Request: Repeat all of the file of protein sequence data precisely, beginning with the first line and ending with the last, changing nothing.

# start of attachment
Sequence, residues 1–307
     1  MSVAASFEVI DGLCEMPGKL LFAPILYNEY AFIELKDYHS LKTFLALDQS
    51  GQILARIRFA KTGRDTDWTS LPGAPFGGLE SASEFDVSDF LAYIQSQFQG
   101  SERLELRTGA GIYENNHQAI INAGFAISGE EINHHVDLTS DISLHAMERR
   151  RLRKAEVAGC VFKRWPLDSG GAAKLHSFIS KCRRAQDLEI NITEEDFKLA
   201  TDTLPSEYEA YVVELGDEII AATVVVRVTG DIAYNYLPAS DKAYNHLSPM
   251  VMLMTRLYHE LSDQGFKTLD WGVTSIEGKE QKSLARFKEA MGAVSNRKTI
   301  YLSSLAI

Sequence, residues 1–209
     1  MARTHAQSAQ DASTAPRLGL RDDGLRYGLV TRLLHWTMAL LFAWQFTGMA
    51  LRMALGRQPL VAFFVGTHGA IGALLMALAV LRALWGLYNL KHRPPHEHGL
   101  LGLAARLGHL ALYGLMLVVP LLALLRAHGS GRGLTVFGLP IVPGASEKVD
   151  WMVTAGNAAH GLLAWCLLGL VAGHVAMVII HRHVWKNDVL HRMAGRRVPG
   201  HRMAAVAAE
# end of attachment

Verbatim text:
Sequence, residues 1–307
     1  MSVAASFEVI DGLCEMPGKL LFAPILYNEY AFIELKDYHS LKTFLALDQS
    51  GQILARIRFA KTGRDTDWTS LPGAPFGGLE SASEFDVSDF LAYIQSQFQG
   101  SERLELRTGA GIYENNHQAI INAGFAISGE EINHHVDLTS DISLHAMERR
   151  RLRKAEVAGC VFKRWPLDSG GAAKLHSFIS KCRRAQDLEI NITEEDFKLA
   201  TDTLPSEYEA YVVELGDEII AATVVVRVTG DIAYNYLPAS DKAYNHLSPM
   251  VMLMTRLYHE LSDQGFKTLD WGVTSIEGKE QKSLARFKEA MGAVSNRKTI
   301  YLSSLAI

Sequence, residues 1–209
     1  MARTHAQSAQ DASTAPRLGL RDDGLRYGLV TRLLHWTMAL LFAWQFTGMA
    51  LRMALGRQPL VAFFVGTHGA IGALLMALAV LRALWGLYNL KHRPPHEHGL
   101  LGLAARLGHL ALYGLMLVVP LLALLRAHGS GRGLTVFGLP IVPGASEKVD
   151  WMVTAGNAAH GLLAWCLLGL VAGHVAMVII HRHVWKNDVL HRMAGRRVPG
   201  HRMAAVAAE